Issue: 7
Pages: 1325 - 1334
DOI: 10.1002/alz.12492
Type of Publication: A1 Journal article – refereed
Field of Science: 3121 General medicine, internal medicine and other clinical medicine
Funding: This study was supported by the Academy of Finland (317465, 287490, 294061 [AS]; 319318 [MK]), Finnish Social Insurance Institution (MK), Finnish Ministry of Education and Culture (MK), Juho Vainio Foundation, Finland (TN, MK), EU Joint Programme - Neurodegenerative Disease Research (MIND-AD [MK] and EURO-FINGERS [TN, MK]), Alzheimer's Research and Prevention Foundation, US (MK), Alzheimerfonden, Sweden (AS, MK), Hjärnfonden, Sweden (MK), Swedish Research Council (LB, MK), Center for Innovative Medicine (CIMED) at Karolinska Institutet, Sweden (MK), Region Stockholm (ALF, NSV), Sweden (AS, MK), Knut and Alice Wallenberg Foundation, Sweden (MK), Stiftelsen Stockholms sjukhem, Sweden (MK), Konung Gustaf V:s och Drottning Victorias Frimurarstiftelse, Sweden (MK), Finnish Cultural Foundation (TN, AS), Jalmari and Rauha Ahokas Foundation, Finland (TN), Yrjö Jahnsson Foundation, Finland (AS,MK), State research funding (EVO/VTR grants) of Oulu University Hospital and Oulu City Hospital, Finland (RA) and Kuopio University Hospital, Finland (HS), UEF Strategic funding for UEFBRAIN, Finland (HS), European Research Council (grant 804371) (AS), Swedish Research Council for Health, Working Life and Welfare (ASN, MK), The Heart Disease Foundation, Finland (TL), Umeå University (ASN). Study funders had no role in study design; in the collection, analysis, interpretation of data; or in the writing of the report. We sincerely thank all participants of the FINGER study and all people involved in the data collection, particularly the nurses, psychologists, physicians, nutritionists and physiotherapists conducting the field work.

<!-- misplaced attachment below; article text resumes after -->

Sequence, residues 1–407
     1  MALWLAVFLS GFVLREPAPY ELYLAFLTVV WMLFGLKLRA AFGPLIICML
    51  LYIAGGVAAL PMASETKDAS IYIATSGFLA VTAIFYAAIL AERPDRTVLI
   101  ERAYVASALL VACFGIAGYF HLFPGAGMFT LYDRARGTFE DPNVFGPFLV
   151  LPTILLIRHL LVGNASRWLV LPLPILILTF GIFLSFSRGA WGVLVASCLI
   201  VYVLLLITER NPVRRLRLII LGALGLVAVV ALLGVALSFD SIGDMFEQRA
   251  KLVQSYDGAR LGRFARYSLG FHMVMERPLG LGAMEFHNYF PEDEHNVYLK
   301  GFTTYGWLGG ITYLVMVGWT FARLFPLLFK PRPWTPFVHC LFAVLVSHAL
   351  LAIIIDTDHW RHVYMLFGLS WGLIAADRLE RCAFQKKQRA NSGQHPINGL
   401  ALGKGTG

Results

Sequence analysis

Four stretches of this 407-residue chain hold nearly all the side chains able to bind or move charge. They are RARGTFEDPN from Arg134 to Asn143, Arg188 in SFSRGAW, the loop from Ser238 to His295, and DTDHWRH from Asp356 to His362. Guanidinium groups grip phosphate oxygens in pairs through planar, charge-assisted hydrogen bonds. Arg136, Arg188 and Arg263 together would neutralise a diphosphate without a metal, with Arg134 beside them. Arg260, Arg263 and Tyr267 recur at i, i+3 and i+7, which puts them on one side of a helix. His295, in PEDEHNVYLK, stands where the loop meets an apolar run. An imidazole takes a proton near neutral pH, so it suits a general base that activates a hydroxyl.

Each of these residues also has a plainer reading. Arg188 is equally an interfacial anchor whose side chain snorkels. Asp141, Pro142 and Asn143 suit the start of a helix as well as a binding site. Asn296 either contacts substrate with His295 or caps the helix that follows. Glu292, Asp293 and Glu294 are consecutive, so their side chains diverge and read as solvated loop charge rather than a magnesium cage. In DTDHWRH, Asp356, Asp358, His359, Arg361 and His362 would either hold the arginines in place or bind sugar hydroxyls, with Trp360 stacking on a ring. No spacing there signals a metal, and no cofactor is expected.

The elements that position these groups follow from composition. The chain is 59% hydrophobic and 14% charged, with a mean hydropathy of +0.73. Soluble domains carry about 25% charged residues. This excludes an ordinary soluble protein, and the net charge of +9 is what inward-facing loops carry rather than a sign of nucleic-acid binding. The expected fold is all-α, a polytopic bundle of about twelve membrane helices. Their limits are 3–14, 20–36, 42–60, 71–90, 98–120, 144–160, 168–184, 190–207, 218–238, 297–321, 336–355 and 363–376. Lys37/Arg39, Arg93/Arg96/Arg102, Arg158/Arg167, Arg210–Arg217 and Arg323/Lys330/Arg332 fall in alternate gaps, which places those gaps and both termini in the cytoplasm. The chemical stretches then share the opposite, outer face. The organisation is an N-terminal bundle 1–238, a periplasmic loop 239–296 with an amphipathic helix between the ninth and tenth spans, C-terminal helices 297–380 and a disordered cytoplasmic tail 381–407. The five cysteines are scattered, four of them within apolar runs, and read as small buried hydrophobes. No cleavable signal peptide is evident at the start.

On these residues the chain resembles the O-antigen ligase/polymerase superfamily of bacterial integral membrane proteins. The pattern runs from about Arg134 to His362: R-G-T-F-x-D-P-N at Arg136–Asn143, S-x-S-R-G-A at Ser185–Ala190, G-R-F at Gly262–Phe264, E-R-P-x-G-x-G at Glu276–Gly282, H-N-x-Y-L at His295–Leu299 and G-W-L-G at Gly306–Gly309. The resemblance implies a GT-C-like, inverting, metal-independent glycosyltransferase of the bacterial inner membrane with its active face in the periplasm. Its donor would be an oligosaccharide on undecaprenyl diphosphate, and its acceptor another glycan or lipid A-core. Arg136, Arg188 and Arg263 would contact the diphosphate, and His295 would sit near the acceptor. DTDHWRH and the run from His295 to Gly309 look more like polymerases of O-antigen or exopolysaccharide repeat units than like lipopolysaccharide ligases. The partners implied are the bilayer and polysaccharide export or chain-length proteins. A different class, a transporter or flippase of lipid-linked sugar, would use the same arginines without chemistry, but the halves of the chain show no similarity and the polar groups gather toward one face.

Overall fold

Copyright information: © 2021 The Authors. This is an open access article under the terms of the Creative Commons Attribution-NonCommercial License, which permits use, distribution and reproduction in any medium, provided the original work is properly cited and is not used for commercial purposes.